Memorandum of Decision Re: Fraud

DO NOT PUBLISH This case disposition has no value as precedent and is not intended for publication. Any publication, either in print or electronically, is contrary to the intent and wishes of the court.
In re LAWRENCE and MONIKA DRAUT,                                                            No. 96-10288
     Debtors. ___________________________/ DRACO TECHNOLOGY,
     Plaintiff,       v.                                                                                                                  A.P. No. 96-1164 LAWRENCE and MONIKA DRAUT,      Defendants. ______________________________/
Memorandum of Decision
     Plaintiff Draco Technology is a computer component supplier. Prior to his Chapter 7 bankruptcy filing, defendant Lawrence Draut operated a computer business. During the three years or so prior to the bankruptcy, Draut ordered some $3 million in computer components from Draco. At the time of the filing, Draut had an unpaid balance with Draco of about $200,000.00. This adversary proceeding is Draco's largely meritless attempt to turn this unpaid account into a nondischargeable debt.      Draco and Draut did business together from 1993 through early 1996. At the beginning of their relationship, Draco declined to extend formal credit to Draut but expressly agreed thatits goodswould be sent C.O.D., that Draut could pay with an ordinary check, and that Draco would hold the checks for deposit until Draut saidthat there were funds in the account and the checks could be deposited. Despite Draco's admission and overwhelming, uncontested evidence that this arrangement was mutually agreeable, and continued for a considerable time, Draco argues that the checks which it ended up holding represent fraudulently incurred debt.      The evidence established that the parties reached a business arrangement which was in essence a form of credit transaction. See In re Morken, 182 B.R, 1007, 1015-16 (Bkrtcy.D.Minn.1995), and cases cited therein. The checks Draut gave Draco were nothing more than promissory notes, and both sides understood them as such. It borders on bad faith for Draco to now argue that it was stuck with bad checks fraudulently passed by Draut. The evidence established that Draut operated in good faith and in accordance with mutually-agreed terms, and never had any intent to defraud Draco.      In the fall of 1995, when Draut was experiencing severe financial problems which were known to Draco,1 Draco asked Draut to sign a note for the balance he owed and Draut agreed. Draco now argues that the signing of this note was somehow more fraud. To the extent the argument is that Draut never intended to pay on the note, there is no evidence of this.2 Insofar as it alleges that his financial condition made payment impossible, there was no written financial statement involved so this argument is meritless. Draco attempts to use dicta from consumer credit card cases where new purchases or cash advances were made to justify its position, but ignores holdings from other cases that even where new purchases are made actual fraud must be shown and not just unreasonable hope. The hopeless state of a debtor's finances is never a substitute for ________      1. Among other things, several of Draut's checks to Draco had bounced even though Draut had said it was OK to deposit them, and Drauts's bank had closed his account.      2. Additionally, the court notes a complete lack of evidence regarding any sort of detrimental reliance by Draco on the note.      an actual finding of fraudulent intent. In re Anastas, 94 F.3d 1280, 1286 (9th Cir.1996). The evidence in this case established no fraudulent intent on Draut's part.      As to one incident only does the court agree that a nondischargeable debt resulted. In late 1995, Draco told Draut that any further business would be on a C.O.D. basis paid with a cashier's check, not a personal check. Late in December, Draut ordered $14,358.00 in goods from Draco with this understanding. The shipments arrived in early January with only three of the numerous boxes marked C.O.D. Draut knew that the C.O.D. terms applied to all of the boxes, but returned the three marked boxes and accepted the rest without paying for them. While Draut was struggling to keep his failing business afloat at that point, this was no excuse for his actions. The debt for the $13,505.00 in merchandise kept and not paid for is therefore nondischargeable pursuant to section 523(a)(6) of the Bankruptcy Code.      In conclusion, the court finds most of Draco's case both meritless and disingenuous in light of the payment arrangements to which both parties agreed. Draut never had any intent to defraud Draco, and there can accordingly be no nondischargeable debt pursuant to section 523(a)(2) of the Code. However, Draut converted $13,505.00 worth of Draco's goods when he accepted them without paying cash for them while knowing that they had been sent on a true C.O.D. basis. Accordingly, a nondischargeable judgment in that amount shall be entered in favor of Draco, which shall also recover its costs of suit. As to any allegations not specifically addressed in this memorandum, the court finds insufficient evidence to justify a finding of nondischargeability.      This memorandum constitutes the court's findings and conclusions pursuant to FRCP 52(a) and FRBP 7052. Counsel for plaintiff shall submit an appropriate form of judgment forthwith.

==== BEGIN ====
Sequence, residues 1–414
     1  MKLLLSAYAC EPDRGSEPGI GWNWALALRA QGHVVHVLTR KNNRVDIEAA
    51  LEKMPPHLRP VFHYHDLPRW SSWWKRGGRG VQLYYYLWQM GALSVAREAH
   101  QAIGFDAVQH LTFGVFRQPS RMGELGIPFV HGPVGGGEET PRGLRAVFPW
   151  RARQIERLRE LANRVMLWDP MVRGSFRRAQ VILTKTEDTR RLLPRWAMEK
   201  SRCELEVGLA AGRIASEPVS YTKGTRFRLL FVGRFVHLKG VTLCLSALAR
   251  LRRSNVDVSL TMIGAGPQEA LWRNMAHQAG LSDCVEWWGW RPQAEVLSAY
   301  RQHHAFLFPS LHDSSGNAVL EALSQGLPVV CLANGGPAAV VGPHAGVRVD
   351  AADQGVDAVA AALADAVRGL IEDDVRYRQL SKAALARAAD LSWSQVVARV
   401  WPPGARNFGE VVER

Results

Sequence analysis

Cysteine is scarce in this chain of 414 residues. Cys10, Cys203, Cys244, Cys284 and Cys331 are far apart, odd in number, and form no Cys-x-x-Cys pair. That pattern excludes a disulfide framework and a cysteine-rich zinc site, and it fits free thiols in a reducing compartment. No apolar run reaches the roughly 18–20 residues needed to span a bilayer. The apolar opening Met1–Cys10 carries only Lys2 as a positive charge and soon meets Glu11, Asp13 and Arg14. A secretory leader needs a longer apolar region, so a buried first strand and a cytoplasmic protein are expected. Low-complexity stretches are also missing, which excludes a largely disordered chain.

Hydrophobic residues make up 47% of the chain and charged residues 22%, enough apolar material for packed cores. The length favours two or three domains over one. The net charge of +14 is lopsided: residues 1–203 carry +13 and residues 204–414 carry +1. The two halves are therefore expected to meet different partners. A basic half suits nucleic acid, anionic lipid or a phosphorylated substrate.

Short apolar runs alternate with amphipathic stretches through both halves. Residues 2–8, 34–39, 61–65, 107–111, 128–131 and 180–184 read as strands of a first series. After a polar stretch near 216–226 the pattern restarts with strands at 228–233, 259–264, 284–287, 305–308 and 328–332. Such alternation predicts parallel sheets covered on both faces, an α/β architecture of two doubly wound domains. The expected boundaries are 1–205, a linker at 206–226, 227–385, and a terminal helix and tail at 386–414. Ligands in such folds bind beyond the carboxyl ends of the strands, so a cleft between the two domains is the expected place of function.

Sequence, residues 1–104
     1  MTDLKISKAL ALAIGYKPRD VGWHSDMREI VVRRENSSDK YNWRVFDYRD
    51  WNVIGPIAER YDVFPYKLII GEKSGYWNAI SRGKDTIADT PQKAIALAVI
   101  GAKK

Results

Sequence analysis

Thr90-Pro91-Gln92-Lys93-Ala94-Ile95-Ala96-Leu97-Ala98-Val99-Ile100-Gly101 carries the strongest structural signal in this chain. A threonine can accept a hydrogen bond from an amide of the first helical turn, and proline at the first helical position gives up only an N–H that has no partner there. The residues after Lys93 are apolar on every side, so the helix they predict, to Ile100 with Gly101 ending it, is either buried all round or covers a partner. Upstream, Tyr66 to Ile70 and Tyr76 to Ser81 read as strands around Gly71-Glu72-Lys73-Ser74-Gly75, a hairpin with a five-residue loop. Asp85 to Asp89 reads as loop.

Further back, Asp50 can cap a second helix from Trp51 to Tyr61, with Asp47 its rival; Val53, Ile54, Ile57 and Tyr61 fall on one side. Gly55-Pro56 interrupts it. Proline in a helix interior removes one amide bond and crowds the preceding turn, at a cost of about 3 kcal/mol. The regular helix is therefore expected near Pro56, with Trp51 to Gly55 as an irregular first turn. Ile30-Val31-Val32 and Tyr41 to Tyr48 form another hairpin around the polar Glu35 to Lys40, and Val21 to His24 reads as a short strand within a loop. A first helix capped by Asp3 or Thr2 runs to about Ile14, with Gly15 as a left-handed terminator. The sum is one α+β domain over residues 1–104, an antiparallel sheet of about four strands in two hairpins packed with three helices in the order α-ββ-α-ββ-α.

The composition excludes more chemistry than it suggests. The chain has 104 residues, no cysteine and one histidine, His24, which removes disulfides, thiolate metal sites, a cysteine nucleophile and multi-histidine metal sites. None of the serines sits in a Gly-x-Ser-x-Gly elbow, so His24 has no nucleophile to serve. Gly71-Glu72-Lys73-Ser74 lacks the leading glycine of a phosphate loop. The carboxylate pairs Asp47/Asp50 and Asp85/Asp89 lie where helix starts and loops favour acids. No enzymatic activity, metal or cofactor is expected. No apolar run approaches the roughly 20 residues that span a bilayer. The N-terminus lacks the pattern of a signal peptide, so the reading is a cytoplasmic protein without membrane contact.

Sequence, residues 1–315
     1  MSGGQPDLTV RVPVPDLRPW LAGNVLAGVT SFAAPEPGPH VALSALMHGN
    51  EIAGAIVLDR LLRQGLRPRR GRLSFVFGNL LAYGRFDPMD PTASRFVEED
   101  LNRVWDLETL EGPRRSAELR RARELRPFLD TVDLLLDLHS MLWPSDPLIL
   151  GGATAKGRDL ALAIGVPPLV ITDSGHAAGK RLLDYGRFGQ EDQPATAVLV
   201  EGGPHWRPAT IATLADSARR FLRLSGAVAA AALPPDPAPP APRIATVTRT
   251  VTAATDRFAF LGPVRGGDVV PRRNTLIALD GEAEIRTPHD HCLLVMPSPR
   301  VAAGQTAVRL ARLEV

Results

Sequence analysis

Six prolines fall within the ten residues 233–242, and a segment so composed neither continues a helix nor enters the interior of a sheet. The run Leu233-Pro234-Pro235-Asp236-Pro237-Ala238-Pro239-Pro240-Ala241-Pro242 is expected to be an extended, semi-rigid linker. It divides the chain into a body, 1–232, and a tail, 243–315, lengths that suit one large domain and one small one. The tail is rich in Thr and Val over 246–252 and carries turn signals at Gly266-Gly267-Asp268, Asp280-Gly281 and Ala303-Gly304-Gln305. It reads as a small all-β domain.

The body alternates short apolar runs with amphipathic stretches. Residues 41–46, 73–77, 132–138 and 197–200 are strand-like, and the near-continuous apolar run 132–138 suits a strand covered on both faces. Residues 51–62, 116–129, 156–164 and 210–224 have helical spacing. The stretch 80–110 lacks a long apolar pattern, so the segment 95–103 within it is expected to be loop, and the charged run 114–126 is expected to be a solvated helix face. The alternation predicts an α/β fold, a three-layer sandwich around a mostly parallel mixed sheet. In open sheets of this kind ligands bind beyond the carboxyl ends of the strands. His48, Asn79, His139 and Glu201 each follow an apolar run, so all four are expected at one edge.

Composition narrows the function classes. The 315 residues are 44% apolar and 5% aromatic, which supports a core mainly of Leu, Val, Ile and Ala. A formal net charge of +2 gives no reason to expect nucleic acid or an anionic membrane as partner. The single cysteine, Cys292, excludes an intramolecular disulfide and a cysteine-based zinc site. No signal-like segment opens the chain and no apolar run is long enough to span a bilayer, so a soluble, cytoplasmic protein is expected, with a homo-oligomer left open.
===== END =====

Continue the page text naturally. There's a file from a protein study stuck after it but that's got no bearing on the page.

Dated: December 13, 1996                                                     _______________________                                                                                               Alan Jaroslovsky                                                                                               U.S. Bankruptcy